These past few months have been very dry. Perfect weather for harvesting cotton, but not so great for planting cool-season crops. Many have been waiting for the weather to break to get sufficient soil moisture to plant. I have received a number of calls about the timing of cover crop planting, especially since the light rain we received from Hurricane Nicole: “When should I plant cover crops this year?” “Will there be enough continued precipitation?” “Is it too late to plant cover crops at this point?” To answer these questions, I looked to two of our experts in the field for some guidance. Dr. David Zierden, Florida State Climatologist, and Dr. Ann Blount, UF/IFAS NFREC Forage Breeder, provided some input and suggestions I think farmers need to be aware of to help them make the right choices on cover crops.
Over the past week, Hurricane/Tropical Storm Nicole brought some much-needed rainfall to the Suwannee Valley area, but the Panhandle only received a slight amount of rainfall not enough to replenish what we lost during many weeks of drought . According to Dr. Zierden, the next several days should remain colder and relatively dry. There is a chance for some isolated showers, but not a widespread rain. The Panhandle is still in a D2 Drought (severe drought) of D1 (moderate drought). Dr. Zierden also points out that NOAA predicts drought in the Panhandle will persist at its current level or it may get worse.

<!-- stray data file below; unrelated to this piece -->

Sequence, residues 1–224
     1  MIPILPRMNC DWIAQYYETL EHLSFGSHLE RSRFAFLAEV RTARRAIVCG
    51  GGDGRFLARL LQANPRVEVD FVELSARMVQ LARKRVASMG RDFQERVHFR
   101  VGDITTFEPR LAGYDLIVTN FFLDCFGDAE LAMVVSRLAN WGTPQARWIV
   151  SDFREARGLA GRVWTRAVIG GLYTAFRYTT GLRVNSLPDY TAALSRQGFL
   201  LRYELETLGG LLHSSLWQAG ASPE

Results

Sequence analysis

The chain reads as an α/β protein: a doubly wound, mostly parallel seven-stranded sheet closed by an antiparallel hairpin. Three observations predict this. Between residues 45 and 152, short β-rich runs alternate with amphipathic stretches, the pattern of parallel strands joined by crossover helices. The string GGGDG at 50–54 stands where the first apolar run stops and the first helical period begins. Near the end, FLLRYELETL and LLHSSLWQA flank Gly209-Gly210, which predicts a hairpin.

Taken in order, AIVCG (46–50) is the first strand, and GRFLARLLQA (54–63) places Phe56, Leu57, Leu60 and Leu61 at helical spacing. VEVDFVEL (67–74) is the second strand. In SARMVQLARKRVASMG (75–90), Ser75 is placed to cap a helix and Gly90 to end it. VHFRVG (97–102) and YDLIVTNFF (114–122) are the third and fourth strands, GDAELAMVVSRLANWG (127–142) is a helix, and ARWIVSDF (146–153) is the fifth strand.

Looking forward to winter, the Panhandle is still going to be in a La Niña ENSO phase for the third winter in a row. The La Niña phase affects the climate in the Southeast creating a relatively warm and dry winter. Therefore, planting winter cover might be a bigger gamble for those without irrigation than it has been in past years. Dr. Zierden says that while the past two years were in a La Niña phase also, we did get better-than-expected rainfall and relatively mild weather. This is not typical, but even with La Niña, there is a 30% chance this will happen again. This correlates to three out of every ten years of La Niña, where winter precipitation will trend better than expected. However, landowners should be planning for a warmer and drier winter this year. However, due to winter storms and weather patterns, the western side of the Panhandle may eek out some better-than-expected levels of precipitation, due to seasonal storm patterns. The seasonally expected light rain on the Western Panhandle may be enough to sustain cover crops. This is usually expected each year. However, Dr. Zierden says weather prediction is complicated for our upcoming winter, so farmers need to plan accordingly.